“This girl is kicking the door and screaming,” he said. “She says, ‘I’ve been kidnapped and I’ve been in this house a long time and I want to leave right now.’”
When police arrived, they were stunned to find not just Berry, but DeJesus, who had been missing since 2004, and Knight, whose 2002 disappearance did not generate the same concern or attention as that of the two younger girls.
“The nightmare is over,” said Cleveland FBI Special Agent in Charge Stephen Anthony. “These three young ladies have provided us with the ultimate definition of survival and perseverance. The healing can now begin.”
John Makely / NBC News
An FBI investigator exits the house on Seymour Avenue on Tuesday.
The investigation is expected to last weeks. Authorities said they had not yet questioned Ariel Castro, 52, or his brothers Pedro, 54, and Onil, 50.
"We're going to charge those suspects," Tomba said.
Officials were reviewing their records to see what contact police had with the Castros and the Seymour Avenue home.
In 2000, they responded to a call from Ariel Castro about a fight on the street. In January 2004 — well after Berry and Knight were last seen and three months before DeJesus would vanish — Castro was accused of leaving a student unattended on his school bus and child-welfare authorities asked police to investigate, officials said.
Officers went to his home to question him but couldn't find him there. They later determined the bus incident was not criminal and the matter was dropped, although after three suspensions for "lack of judgement," his bosses recommended his termination last year.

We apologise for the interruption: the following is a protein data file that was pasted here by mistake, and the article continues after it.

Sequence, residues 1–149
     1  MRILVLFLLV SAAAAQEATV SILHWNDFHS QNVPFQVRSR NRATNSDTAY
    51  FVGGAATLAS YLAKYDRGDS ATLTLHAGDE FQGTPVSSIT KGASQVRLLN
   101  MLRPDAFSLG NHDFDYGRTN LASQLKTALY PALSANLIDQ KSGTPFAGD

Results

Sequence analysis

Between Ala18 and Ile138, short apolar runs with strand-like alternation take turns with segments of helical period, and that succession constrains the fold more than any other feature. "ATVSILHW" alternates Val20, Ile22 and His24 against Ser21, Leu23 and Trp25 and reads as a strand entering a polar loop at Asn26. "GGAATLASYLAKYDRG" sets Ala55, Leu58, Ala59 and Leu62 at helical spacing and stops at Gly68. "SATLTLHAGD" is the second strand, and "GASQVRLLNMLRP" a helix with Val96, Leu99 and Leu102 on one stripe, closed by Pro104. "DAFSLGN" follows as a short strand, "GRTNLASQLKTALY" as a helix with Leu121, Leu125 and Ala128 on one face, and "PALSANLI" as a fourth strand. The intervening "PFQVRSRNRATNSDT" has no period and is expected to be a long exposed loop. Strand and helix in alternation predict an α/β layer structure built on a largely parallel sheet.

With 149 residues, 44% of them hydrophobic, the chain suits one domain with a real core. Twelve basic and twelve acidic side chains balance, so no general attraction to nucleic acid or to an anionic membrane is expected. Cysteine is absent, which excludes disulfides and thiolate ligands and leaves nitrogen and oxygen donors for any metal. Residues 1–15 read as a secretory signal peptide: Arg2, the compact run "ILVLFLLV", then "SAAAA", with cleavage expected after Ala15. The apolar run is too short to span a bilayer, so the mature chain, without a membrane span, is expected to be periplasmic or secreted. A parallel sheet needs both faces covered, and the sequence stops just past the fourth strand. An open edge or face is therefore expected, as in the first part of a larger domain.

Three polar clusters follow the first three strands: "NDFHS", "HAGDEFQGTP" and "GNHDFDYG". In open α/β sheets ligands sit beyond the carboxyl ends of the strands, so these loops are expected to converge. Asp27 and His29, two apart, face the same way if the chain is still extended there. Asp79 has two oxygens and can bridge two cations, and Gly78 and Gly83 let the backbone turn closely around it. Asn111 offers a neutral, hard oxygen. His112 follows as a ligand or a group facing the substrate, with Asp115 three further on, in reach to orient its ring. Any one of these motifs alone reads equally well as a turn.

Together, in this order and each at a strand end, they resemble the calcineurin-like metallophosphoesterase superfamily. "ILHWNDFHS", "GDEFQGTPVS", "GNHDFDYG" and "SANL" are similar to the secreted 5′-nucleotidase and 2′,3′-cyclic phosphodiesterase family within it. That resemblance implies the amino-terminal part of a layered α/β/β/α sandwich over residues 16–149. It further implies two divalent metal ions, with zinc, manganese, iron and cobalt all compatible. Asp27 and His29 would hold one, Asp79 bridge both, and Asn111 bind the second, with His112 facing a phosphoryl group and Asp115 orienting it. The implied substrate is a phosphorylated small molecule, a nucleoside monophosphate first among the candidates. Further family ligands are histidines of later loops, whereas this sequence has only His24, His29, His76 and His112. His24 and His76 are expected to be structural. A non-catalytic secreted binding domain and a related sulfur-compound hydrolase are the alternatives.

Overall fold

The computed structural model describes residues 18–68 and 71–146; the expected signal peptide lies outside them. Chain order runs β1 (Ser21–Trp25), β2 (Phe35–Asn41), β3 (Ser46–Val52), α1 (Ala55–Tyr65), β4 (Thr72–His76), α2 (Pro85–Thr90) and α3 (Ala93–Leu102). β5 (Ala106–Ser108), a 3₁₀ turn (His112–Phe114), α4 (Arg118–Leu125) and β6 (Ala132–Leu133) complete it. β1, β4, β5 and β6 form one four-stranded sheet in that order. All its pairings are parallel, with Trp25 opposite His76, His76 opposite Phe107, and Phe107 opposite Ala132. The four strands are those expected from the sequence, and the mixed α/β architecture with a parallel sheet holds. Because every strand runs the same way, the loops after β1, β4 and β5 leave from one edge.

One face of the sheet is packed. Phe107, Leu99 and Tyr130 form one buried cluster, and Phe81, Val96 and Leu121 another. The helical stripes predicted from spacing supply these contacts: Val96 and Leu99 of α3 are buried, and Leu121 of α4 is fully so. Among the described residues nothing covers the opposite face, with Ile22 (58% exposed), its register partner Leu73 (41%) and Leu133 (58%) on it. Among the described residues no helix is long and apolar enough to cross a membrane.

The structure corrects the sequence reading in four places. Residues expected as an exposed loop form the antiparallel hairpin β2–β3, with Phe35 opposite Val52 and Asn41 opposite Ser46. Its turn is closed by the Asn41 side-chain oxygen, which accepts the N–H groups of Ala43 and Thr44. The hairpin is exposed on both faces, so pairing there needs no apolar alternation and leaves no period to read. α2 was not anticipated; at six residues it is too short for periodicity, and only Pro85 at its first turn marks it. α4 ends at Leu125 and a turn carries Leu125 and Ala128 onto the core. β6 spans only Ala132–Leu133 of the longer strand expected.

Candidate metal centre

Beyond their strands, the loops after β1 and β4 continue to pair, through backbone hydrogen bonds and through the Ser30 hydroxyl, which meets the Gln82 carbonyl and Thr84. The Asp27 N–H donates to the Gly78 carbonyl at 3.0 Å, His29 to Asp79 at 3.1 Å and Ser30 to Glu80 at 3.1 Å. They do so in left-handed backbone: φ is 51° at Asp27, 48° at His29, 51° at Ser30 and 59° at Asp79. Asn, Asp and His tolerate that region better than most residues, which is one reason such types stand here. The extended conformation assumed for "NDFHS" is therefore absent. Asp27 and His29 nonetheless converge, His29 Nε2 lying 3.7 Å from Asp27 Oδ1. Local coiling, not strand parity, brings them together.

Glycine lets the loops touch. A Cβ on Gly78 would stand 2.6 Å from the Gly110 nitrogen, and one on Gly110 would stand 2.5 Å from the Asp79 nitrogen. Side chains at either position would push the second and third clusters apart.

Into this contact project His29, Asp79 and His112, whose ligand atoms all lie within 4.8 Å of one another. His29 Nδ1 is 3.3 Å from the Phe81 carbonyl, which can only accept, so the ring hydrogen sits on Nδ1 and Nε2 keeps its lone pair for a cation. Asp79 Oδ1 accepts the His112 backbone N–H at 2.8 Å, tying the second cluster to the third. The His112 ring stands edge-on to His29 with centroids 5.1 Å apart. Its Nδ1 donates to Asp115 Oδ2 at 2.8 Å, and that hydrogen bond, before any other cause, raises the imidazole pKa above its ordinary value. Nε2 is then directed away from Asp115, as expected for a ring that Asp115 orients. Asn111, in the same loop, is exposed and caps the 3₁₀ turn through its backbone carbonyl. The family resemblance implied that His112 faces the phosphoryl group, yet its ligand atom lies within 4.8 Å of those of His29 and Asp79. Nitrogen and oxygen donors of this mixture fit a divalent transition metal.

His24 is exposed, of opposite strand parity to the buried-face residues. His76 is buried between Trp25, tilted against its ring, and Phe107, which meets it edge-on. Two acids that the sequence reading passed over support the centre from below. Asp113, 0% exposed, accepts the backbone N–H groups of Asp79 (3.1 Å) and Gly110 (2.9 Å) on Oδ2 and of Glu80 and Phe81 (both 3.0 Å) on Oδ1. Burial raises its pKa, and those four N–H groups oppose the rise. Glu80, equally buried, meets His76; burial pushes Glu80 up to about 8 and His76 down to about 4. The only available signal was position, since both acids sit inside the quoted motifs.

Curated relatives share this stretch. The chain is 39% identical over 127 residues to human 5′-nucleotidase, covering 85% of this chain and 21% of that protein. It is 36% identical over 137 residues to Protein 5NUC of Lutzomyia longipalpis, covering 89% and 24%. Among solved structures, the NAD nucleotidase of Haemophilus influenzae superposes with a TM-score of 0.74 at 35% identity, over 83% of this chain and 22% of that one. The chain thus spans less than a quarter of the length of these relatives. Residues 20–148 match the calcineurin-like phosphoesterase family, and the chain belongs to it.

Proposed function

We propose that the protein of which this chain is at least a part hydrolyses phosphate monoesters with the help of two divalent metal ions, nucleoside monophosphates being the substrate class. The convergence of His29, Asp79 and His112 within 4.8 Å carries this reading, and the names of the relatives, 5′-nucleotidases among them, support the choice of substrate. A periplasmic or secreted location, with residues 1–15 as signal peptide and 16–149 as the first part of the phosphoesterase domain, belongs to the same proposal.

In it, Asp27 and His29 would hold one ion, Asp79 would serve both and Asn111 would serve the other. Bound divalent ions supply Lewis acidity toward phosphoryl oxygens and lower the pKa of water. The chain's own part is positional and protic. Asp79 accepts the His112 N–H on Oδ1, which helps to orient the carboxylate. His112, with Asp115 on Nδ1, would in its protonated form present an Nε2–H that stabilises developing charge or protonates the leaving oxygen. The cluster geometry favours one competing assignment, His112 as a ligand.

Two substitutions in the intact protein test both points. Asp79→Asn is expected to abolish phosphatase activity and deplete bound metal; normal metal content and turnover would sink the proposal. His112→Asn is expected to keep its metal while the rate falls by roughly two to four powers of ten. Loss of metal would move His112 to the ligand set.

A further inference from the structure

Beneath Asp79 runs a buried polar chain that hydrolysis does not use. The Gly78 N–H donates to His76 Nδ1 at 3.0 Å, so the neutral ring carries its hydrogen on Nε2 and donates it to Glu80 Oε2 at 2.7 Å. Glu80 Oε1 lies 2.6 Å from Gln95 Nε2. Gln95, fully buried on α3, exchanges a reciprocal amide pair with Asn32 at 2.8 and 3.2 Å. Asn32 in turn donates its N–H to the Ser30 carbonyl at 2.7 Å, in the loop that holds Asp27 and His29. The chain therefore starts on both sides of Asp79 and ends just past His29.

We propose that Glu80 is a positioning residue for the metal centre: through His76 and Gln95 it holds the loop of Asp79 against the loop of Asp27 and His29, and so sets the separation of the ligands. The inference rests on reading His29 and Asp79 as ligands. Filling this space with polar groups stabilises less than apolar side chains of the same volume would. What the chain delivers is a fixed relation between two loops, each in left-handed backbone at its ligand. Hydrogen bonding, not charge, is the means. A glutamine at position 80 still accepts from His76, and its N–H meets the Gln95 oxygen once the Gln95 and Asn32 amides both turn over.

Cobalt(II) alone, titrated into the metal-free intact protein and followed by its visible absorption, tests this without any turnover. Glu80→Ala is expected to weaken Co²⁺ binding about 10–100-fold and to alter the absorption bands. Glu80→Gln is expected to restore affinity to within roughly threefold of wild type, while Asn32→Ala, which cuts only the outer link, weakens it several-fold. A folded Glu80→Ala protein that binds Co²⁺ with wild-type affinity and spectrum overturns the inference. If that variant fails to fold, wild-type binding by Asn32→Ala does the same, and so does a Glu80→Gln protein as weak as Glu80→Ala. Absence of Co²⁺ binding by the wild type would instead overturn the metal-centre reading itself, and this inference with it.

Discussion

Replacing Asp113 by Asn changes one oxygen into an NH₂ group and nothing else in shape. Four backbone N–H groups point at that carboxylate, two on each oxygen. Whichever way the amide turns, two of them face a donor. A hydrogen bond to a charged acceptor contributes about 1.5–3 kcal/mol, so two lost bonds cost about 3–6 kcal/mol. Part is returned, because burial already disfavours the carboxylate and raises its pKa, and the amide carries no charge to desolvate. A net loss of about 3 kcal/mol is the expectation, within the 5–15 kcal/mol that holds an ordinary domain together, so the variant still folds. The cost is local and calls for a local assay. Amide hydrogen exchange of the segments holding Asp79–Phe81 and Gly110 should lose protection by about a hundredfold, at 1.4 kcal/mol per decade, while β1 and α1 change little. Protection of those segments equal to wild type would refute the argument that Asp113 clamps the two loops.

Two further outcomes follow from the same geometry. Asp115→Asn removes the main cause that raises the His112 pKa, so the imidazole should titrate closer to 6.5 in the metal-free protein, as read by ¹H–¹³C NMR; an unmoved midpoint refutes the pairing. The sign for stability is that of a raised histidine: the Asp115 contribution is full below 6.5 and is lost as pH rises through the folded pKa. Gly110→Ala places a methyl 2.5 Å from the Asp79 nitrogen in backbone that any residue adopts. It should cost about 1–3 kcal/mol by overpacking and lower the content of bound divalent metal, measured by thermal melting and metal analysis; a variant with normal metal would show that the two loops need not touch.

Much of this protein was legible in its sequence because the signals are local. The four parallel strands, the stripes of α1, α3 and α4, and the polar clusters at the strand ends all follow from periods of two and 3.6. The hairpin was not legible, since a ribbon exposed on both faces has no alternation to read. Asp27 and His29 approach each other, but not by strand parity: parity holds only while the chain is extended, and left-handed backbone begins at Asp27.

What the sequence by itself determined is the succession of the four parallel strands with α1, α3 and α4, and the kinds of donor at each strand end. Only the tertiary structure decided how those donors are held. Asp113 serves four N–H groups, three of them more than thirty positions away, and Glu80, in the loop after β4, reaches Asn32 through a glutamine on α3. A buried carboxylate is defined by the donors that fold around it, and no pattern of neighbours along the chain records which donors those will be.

After the 2004 visit by cops, nearly a decade would pass before the Seymour Avenue home would be the center of attention again. The women who came out of the narrow, two-story, white-sided house Monday were taken to the hospital and reunited with loved ones who said they had never given up hope.
John Makely / NBC News
Noel Ruiz Sr, the great uncle of Gina DeJesus, sips a Corona just down the block from the home where she had been held captive.
"I knew that she would come one day. I just don’t understand why it took so long. I’m just happy that she’s here," Tasheena Mitchell, a cousin of Berry's, told WKYC.
"We always knew," said Sandra Ruiz, an aunt of DeJesus.
She said her niece "recognized everyone" in the family and explained that it was "sisterhood" that had allowed her, Berry and Knight to survive.
"They're stronger than you, you, you and me," Ruiz told reporters.
DeJesus' great uncle, Noel Ruiz Sr., said he is still adjusting to the news that she is alive.
"It seems like we can breathe a little better. … today is like a holiday for us," he said. "She's alive, but too bad it has to be this way."
NBC Latino's Maria Alcon and NBC News' John Makely contributed to this report
Mark Duncan / AP
Members of the FBI evidence team remove items from a house in Cleveland Monday, May 6, 2013. Three women who went missing separately about a decade ago, when they were in their teens or early 20s, were found alive in the house, and a man was arrested. (AP Photo/Mark Duncan)
This story was originally published on Tue May 7, 2013 11:41 AM EDT